A Word about Microphones
Building a microphone is like writing a song. You have an idea and direction and then you get started. Sometimes it happens very quickly, and other times you labor to get through it. I’ve found merit in both, but it all comes from the place where you have something to say.
I was once on a panel of audio representatives from other microphone companies. One of the reps was keen on emphasizing that his company’s microphones could record the sound of a Stradivarius violin accurately. He then pointed out that my company (at the time, Blue Microphones) did not follow this process because we created different sonic signatures for our products that were not “flat” and, at least in engineering terms, were sonically “colored.” I thought about this for a moment and then asked the 100 or so people in the audience to raise their hand if anyone owned a Stradivarius. No hands went up. I then asked if anyone knew someone that owned one…still no hands.
Then I asked who owned an acoustic guitar—and a lot of hands went up, so I noted that “We make a microphone tailored for that sound.” Who owned a piano? A lot more hands, and again, I said “we make a microphone tailored for that sound too. Who owns a drum set?” Again more hands, and yes, I mentioned we make microphones tailored for drums as well. I then looked over at the audio expert and explained that I had no doubt that if replicating the exact sound of a Stradivarius was your goal, that company’s product would be a great choice—but that we would continue to create products for the majority of people in the room.
Sound is an opinion. What is good for others may not be good for you. However what I found to be the path of success is when 9 out of 10 people say they like what you’re doing. I’ll take those odds any day—if you have 9 out of 10 people you have popularity; if you have popularity you have commerce; if you have commerce you have success; if you have success you get to do what you love again, and that’s what I wanted all along.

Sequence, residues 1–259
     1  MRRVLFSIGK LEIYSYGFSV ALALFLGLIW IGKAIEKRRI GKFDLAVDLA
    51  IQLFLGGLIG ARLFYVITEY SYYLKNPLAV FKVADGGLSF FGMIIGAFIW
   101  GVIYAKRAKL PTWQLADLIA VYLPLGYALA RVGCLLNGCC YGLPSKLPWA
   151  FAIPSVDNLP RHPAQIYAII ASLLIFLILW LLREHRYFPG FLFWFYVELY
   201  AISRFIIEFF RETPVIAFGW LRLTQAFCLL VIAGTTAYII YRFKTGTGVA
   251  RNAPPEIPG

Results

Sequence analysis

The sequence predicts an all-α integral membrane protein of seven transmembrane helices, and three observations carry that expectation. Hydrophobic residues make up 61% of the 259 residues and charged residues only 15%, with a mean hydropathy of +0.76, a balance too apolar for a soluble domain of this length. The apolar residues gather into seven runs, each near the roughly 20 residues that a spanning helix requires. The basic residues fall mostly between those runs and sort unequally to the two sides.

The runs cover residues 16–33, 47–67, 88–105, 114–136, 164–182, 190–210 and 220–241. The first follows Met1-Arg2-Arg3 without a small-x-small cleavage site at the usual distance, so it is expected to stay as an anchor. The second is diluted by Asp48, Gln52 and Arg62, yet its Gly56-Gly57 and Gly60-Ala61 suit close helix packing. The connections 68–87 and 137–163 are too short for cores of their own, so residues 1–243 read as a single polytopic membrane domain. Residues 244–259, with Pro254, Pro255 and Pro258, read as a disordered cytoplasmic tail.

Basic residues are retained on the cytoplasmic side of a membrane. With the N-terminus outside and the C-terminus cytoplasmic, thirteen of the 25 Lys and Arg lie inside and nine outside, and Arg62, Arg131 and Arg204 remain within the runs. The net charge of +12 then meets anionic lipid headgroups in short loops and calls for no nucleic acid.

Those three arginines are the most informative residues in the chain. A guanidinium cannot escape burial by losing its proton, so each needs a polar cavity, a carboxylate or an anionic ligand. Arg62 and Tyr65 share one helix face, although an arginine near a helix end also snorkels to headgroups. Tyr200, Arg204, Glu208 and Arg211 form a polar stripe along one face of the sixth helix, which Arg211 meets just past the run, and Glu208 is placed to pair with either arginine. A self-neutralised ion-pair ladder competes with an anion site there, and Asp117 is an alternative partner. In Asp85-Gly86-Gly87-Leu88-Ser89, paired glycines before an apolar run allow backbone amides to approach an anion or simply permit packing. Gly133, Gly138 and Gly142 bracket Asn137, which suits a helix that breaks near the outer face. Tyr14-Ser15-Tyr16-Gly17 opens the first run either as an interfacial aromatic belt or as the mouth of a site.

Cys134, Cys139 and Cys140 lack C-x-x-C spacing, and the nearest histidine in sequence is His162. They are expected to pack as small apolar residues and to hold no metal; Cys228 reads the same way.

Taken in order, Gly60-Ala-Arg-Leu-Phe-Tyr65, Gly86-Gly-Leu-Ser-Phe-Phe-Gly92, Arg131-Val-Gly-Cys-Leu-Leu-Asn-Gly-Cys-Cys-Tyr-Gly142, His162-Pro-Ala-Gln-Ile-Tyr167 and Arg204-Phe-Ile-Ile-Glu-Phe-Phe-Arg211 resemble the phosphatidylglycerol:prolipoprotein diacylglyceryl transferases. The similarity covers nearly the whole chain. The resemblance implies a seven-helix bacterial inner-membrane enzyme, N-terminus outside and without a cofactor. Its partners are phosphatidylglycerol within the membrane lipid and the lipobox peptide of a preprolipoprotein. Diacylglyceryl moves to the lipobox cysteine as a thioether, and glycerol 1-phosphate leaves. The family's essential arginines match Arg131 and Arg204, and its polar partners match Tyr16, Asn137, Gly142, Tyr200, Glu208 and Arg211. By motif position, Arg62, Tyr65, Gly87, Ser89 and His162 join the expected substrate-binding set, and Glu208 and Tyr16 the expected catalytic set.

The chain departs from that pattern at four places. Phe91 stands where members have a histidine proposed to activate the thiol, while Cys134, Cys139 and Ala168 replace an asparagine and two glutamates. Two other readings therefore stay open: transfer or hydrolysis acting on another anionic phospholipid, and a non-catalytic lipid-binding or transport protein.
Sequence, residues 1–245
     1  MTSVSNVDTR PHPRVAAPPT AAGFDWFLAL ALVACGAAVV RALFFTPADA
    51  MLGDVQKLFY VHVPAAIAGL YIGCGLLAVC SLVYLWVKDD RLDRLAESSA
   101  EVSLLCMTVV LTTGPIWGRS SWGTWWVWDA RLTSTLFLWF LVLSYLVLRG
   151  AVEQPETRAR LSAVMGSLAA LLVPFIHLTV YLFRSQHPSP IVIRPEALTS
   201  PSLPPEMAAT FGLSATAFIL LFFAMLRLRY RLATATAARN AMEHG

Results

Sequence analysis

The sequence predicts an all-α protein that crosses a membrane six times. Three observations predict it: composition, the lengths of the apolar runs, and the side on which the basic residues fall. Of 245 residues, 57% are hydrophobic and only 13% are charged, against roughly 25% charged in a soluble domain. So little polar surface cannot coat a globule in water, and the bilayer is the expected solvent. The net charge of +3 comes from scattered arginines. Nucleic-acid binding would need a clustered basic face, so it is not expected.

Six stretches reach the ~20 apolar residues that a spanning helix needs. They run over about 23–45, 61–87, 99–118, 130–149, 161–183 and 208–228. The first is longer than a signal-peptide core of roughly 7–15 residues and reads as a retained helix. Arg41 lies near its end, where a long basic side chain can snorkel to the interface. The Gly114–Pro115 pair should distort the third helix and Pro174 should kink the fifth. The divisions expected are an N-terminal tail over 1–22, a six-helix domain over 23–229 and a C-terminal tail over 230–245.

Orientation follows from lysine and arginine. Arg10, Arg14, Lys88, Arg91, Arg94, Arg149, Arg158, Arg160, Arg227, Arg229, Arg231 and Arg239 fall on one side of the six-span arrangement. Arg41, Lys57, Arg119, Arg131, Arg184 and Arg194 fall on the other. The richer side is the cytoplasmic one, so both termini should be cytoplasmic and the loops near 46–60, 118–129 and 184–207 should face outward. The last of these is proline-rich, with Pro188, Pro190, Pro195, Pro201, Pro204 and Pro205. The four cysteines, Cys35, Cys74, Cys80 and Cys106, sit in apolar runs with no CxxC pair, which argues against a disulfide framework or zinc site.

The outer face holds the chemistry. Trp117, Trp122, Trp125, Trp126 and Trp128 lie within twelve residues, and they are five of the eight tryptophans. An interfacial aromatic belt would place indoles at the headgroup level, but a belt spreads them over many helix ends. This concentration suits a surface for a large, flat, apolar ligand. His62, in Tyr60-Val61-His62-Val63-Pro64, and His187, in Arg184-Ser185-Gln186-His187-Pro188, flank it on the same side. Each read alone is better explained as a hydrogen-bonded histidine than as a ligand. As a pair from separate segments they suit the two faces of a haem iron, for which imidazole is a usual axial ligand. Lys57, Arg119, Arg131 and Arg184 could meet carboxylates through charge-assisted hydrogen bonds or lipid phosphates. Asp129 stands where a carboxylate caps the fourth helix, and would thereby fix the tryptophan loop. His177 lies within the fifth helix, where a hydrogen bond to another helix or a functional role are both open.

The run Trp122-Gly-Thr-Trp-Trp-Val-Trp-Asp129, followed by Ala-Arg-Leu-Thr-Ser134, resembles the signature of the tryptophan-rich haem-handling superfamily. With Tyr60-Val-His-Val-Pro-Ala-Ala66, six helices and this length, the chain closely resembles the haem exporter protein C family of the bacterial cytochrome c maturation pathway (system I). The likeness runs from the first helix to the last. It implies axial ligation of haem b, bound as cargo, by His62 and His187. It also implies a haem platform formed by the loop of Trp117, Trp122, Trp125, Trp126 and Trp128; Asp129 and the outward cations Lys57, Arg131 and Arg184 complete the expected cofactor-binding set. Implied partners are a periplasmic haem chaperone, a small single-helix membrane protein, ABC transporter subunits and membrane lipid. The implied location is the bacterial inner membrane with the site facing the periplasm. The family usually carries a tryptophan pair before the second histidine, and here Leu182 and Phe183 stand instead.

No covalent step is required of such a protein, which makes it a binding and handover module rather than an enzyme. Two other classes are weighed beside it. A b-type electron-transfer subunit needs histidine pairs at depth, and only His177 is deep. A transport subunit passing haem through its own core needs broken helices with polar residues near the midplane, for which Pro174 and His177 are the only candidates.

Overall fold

The microphone capsule is one of the most important elements in creating the microphone’s sound. In the studio I was having issues with getting the individual recorded tracks to sit well together for a final mix. (Mixing is the process of rendering all your recorded information down to a stereo recording for album or digital playback.) If I had to equalize a track to get what I was looking for it created phase problems, which resulted in an individual track that fought with other tracks.
When film was the key element to a camera, the photographer would often manipulate the analog film to create a larger-than-life image. On option was to modify the aperture settings but there were many other ways to color the image and create a vision that was unique, different, and pleasing. The same is true with the film used on a microphone capsule. If stretched or sputtered with different alloys you can create a sonic image that is pure, unique, and pleasing to the ear, but without the annoying phase issues that can occur when using too much after-the-fact signal processing.
Martins Saulespurens, my business partner and co-founder of Blue Microphones, used a capsule design that allowed us to tension and tune the film on the fly. This was based on us one day discussing a drum called the Roto Tom. Martins is also a musician and plays the drums; he was all too familiar with this product, which appeared in the market during the 1970s. The Roto Tom, if turned clockwise or counter-clockwise, would loosen or tighten the drum skin and create new tunings.